I was in the front during this section and when we were almost to the aid station, I heard someone coming towards us and I looked up and saw local trail running beast, Josh Wheeler, coming right at us. I quickly jumped off the trail and he flew past us yelling, "Get out of the way!" (in a friendly way, of course). We were all amazed where he was on the course... he had 10 miles to go, when we still had 20 to go! He looked good and was flying over the trail, so we all expected to see his name at the top of the results list.

We got to our next aid station, the Indian Rock House and fueled up. This was a pretty busy aid station. It was here that I started eating pringles. Loving the salty flavor, and I'd always grab some m&ms and sometimes some pretzels filled with peanut butter. One of the volunteers started talking to us and was telling us how good we looked, etc. And not only did we look good, but we felt great, too! I was telling him how beautiful the trail was (it had been a pretty stretch with views of the TN river along the way) and how much fun we were having. It was time to head off though... Only 2.7 miles till our next aid station.

And off we went. The guys that had been running with us, had left the aid station a little earlier than us and I was relieved. We kept a pretty decent pace for those miles with them and even though I was feeling awesome about it, I knew that there was no reason for us to be speeding up now. There will be time later for speed if we still have it in us. So, we were able to settle back into our good pace.

About a mile after the aid station, I had a scary, scary moment. I tripped on a tree root and fell straight down. As I fell, I put my hands out to break my fall and as I fell down to the ground, I fell directly on my handheld water bottle. As in, my entire body weight landed on my water bottle on my chest. The first thing I noticed was the pain, it was excrutiating and the next thing I noticed, was that I couldn't breath. It had completely knocked the wind out of me and from the pain, I thought it had made my right lung collapse, too.

I stood up and started tearing up when I realized that this might be it for me, I might have to drop out. I quicky regained my breath and as I started to breath and then run, the pain completely left and it was like nothing had happened! (My chest is still sore there, though).

We powered through to the next aid station. At this aid station I started asking people about the Rock Garden. I was still feeling awesome and I was ready to tackle the Rock Garden, when I still had energy and my mind was still fresh. Someone at this aid station assured me that it was in this next stretch. So, I mentally prepared myself as we left this aid station.

We had 3.5 miles before the next aid station. We had off and on been leapfrogging with a guy from Atlanta. He told us about how he'd recently lost 40 pounds or something awesome like that and that he was signed up for the Rocky Raccoon 100 mile race in February. And I secretly took this as a good piece of Karma. You see, I had told April just that morning, that I'd had Rocky Raccoon (the song!!! Not the race!!!!) in my head for the past week or so and that I knew I was going to be singing it my head all during the race. And I had been singing parts of it to myself off an on for the race so far. I kinda laughed to myself and kept on trucking.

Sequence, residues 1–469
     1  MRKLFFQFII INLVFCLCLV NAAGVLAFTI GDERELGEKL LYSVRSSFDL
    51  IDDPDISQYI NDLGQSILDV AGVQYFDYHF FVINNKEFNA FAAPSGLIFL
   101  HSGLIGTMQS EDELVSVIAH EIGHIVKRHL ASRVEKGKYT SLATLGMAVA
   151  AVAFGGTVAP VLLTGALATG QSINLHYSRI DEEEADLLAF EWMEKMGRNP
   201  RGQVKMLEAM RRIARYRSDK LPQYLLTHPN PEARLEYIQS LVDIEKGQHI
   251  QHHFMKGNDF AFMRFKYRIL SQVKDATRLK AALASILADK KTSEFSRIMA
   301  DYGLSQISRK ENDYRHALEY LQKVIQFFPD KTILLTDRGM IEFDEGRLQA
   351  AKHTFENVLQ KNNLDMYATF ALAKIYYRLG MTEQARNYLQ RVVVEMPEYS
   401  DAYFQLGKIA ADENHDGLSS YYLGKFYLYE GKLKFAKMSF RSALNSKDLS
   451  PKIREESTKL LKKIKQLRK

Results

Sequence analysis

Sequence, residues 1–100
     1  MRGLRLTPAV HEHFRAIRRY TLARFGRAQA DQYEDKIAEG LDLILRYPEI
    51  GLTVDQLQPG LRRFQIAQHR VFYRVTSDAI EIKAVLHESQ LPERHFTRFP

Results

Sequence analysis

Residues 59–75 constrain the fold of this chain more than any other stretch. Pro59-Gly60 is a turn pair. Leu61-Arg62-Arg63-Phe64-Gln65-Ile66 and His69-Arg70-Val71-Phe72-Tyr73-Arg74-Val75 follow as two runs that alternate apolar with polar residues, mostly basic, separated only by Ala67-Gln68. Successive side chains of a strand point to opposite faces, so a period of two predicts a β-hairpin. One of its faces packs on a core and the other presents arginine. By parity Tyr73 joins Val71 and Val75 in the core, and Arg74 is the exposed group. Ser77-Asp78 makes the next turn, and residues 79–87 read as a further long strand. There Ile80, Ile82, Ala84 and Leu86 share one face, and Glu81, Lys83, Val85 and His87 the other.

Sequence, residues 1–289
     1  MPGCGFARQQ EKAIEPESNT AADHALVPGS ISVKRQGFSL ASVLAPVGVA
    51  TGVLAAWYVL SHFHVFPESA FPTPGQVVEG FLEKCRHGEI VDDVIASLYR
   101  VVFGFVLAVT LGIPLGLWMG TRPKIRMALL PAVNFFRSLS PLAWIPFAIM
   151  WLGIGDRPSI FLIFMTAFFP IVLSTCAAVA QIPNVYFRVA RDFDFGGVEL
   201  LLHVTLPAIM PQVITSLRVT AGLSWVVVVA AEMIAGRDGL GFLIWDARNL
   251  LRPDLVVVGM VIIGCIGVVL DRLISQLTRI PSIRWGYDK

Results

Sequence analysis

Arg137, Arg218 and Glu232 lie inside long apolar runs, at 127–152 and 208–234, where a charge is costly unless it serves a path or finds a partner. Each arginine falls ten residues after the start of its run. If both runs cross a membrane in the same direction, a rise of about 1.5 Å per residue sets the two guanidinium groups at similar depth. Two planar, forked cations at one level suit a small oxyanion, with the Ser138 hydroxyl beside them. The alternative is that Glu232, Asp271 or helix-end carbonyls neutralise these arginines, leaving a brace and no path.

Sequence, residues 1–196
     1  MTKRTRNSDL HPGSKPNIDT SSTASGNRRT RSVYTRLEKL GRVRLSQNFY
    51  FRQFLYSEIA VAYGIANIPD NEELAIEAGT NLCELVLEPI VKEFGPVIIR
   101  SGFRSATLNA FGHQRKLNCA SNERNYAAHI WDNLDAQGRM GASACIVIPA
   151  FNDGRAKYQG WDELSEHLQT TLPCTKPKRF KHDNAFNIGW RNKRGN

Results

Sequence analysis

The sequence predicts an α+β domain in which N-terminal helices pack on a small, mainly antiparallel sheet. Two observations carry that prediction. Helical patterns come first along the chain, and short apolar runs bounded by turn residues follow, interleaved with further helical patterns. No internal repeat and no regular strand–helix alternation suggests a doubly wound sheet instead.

I was ready for the rock garden though. I was feeling good and getting nervous that by the time we hit the rock garden, that I wouldn't be feeling so hot. We finally got to a dirt road and realized that we had to climb up a steep, but short hill to get to the aid station. Ugh. No rock garden!

As we climbed up the road, there were two volunteers at the top cheering for us. It was kinda funny, cause it was taking us a long time to get up the hill and they were just yelling and hollering for us the whole time! It was awesome.

We got to the aid station and there was a young girl there that gets my shitty volunteer award. She made the comment... "you're past the worst part." And lucky for me, I knew better than to believe her. The worst part is either going to be the rock garden or the last 2 hills starting at mile 25. She thought she was being cute and helpful by lying to us, but I wanted to go off on her. I didn't. Instead, I asked about the rock garden again. Everyone had different opinions, some thought it was in this next section, others didn't think so. The funny thing is, there was a park ranger at this aid station and he never weighed in on the issue. WTF?

We took off, hoping the rock garden was soon.

Pretty quickly on, we caught up to a guy that had a Stumpjump 2009 shirt on. I started talking to him, asking him about the race and the rock garden (which he assured me was coming up). And then we hit it... the infamous rock garden. I had kept hearing about how it was only about a half mile long, but that it felt like it was 3-4 miles long. As we walked through it, I kept looking back at April and giving her a face, like.. "this is the scary rock garden????" I mean, sure, trail runners of our ability and experience were by no means able to run through this section. But, I had imagined this section to be soooooo much harder and soooo much longer. I think we were both just so properly hydrated and fueled, that it wasn't a big deal to us, at all. The worst part would have been trying to stay on the trail (which is why I stuck behind the guy the whole time). Eventually the rock garden was over and I said thanks and goodbye to the gentleman, assured him that we'd see him again and we pulled ahead to the next aid station... the mile 19 aid station.

The rest of the race to come...


Melanie said...

I'm loving this report so far, though I was surprised and not surprised by the mention of the 100-miler. Can't wait to read the rest!

Amy said...

No, no. I'm not running the Rocky Raccoon 100 miler!!! I was singing the song Rocky Raccoon by the Beatles!!!

Vandy-Montana said...

Yes, I did roll my eyes. I need to send you to shoe tying school. Great work.